One passing by First Presbyterian Early Learning Center on Friday morning would have seen the students marching around the building and chanting "cure found, cure found!"
While at first an odd sight, the children’s actions were out of compassion for fellow students.
Deana Graham, ELC director, said two families of children with cystic fibrosis found each other through the school and had become support systems for each other. Sophia Hawley was diagnosed with CF while in pre-K at ELC and now her brother Kendall Hawley attends. Mackenzie Losch, an ELC student, has an 18-month-old sister, Torianna, who was diagnosed with CF at birth.
"We were blown away," Kendra Losch said of her daughter’s diagnosis. "We knew nothing about it, not even how to spell it."
The Losch’s soon became experts on their baby’s condition, defined by the Cystic Fibrosis Foundation as "an inherited chronic disease that affects the lungs and digestive system of about 30,000 children and adults in the United States (70,000 worldwide). A defective gene and its protein product cause the body to produce unusually thick, sticky mucus that: clogs the lungs and leads to life-threatening lung infections; and obstructs the pancreas and stops natural enzymes from helping the body break down and absorb food."
Losch said life expectancies for CF patients in the 80s barely extended through elementary school. Today, the average life expectancy is 37 thanks to breakthroughs in medication and technology such as a vest that mimics coughing. Torianna received her vest, used concurrently with a breathing treatment, last week.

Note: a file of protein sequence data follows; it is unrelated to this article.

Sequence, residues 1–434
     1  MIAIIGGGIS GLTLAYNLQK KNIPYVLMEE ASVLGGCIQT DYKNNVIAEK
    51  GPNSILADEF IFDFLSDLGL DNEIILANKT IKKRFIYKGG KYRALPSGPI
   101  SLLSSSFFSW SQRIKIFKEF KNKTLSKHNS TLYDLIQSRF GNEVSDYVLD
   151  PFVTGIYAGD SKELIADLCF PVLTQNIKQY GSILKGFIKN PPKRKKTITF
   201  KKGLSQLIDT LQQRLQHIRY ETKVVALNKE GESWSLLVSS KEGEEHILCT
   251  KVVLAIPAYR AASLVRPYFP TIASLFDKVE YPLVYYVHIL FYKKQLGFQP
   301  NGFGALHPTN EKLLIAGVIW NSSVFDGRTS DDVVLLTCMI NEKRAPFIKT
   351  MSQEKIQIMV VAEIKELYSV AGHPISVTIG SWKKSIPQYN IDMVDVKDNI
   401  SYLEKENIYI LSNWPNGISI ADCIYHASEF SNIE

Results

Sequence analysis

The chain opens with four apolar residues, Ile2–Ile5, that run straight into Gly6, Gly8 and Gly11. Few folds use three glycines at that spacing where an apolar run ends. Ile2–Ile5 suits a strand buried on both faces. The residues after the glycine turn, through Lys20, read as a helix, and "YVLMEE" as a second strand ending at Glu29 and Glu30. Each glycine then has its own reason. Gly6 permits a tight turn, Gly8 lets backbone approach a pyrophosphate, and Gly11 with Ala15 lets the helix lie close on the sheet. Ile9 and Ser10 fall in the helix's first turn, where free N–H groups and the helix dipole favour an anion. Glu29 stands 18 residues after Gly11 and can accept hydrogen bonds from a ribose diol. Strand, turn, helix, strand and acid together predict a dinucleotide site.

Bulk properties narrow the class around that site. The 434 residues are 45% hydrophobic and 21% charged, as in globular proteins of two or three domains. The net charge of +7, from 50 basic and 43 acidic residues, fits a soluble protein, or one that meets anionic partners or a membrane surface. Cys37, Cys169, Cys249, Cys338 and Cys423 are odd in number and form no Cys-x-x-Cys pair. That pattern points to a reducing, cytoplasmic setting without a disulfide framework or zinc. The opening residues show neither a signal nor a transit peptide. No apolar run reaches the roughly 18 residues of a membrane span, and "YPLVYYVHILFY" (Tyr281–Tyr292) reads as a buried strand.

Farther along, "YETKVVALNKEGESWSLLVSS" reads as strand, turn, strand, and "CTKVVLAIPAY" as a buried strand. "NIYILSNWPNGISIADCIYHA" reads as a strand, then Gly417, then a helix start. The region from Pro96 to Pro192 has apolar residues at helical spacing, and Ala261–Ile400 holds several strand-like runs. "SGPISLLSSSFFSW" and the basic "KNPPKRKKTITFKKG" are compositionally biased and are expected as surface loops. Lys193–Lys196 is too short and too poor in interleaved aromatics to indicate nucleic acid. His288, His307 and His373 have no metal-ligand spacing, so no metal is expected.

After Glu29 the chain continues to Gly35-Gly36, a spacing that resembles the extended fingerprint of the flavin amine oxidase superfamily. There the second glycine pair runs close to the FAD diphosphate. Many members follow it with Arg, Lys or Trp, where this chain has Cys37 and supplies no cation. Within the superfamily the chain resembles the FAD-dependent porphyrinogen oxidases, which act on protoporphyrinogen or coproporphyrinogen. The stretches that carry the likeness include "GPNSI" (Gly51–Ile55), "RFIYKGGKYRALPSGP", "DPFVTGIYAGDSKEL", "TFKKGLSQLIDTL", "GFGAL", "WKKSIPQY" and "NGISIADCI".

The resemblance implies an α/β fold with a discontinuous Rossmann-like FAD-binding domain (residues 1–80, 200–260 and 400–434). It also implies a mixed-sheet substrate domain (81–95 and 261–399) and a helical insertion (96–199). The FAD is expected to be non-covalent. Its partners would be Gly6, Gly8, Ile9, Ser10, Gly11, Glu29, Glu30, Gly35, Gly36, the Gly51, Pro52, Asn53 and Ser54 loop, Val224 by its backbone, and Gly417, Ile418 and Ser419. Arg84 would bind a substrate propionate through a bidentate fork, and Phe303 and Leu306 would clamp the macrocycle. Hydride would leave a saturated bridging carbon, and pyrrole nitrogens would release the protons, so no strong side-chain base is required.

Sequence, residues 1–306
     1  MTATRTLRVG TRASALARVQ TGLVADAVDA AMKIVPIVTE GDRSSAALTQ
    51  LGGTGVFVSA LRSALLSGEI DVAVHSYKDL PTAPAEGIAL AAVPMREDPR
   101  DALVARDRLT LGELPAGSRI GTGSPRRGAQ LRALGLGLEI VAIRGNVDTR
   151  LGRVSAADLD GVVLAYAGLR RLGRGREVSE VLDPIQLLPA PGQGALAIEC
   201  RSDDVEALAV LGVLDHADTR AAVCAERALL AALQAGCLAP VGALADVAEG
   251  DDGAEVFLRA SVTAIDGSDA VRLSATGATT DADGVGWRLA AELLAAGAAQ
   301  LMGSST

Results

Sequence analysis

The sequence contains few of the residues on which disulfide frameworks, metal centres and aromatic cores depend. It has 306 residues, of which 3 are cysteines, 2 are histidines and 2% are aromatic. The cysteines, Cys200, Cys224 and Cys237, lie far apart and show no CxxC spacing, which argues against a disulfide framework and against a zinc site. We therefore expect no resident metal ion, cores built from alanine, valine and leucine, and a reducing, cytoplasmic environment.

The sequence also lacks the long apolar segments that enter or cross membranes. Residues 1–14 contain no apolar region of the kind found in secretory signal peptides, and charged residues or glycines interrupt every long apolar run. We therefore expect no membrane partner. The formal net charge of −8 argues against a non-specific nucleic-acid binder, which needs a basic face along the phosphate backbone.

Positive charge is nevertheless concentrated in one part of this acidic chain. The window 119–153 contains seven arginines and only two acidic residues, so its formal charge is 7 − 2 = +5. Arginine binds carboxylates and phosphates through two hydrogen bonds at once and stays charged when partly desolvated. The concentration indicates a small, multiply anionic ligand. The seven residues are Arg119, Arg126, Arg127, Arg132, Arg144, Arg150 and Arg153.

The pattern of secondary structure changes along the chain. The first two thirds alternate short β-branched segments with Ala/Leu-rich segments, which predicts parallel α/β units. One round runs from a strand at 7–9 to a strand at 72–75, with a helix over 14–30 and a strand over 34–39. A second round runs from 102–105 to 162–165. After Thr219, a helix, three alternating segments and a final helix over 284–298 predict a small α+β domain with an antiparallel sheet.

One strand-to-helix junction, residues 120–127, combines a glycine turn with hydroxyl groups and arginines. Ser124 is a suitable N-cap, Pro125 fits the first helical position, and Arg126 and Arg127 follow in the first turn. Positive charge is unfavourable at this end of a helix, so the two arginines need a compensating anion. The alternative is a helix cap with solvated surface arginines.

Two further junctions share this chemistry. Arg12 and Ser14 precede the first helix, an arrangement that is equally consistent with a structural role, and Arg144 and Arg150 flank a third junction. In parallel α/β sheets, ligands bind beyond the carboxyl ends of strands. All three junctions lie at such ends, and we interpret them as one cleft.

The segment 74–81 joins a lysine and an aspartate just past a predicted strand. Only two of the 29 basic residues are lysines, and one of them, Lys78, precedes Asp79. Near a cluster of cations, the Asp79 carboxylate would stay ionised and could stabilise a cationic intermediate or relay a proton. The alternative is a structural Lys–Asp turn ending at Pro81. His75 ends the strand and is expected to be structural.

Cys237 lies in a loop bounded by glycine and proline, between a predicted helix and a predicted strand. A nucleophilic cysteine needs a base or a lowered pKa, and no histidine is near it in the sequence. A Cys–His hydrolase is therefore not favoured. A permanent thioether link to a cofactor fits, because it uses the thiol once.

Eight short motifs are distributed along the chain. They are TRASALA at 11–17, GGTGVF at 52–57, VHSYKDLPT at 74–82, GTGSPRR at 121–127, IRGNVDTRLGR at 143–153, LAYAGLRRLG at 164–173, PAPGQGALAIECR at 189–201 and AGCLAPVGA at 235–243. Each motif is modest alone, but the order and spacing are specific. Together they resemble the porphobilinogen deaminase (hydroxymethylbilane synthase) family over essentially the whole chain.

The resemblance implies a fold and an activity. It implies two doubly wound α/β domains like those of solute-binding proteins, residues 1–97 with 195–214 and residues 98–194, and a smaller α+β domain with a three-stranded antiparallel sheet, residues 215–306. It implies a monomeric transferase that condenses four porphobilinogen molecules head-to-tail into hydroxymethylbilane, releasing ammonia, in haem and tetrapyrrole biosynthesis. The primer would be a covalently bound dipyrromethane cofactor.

Saturday Losch and her husband, Torry, along with family and friends participated in the Atlanta Great Strides event, which is the CFF’s largest national fundraiser for researching a cure. There are seven Team Torianna’s across the country, with family and friends of the Losch’s participating.
Together Graham and the Losch family organized a mini-event at ELC to teach the children about CF as well as raise money for Team Torianna.
For about a week, ELC students brought in "Coins for a Cure." Graham said the staff used the fundraiser as a way to teach students about currency as well. One day children brought pennies, the next nickels and so on up to dollars.
On Friday, students marched around the building for 20 minutes shouting "cure found" as a phrase they wanted to replace the initials "CF." Graham said the school had 100 percent participation through coin collecting or walk sponsors.
"I think they’ve gotten the idea that they can do something for somebody," Graham said. "Even if they don’t fully understand."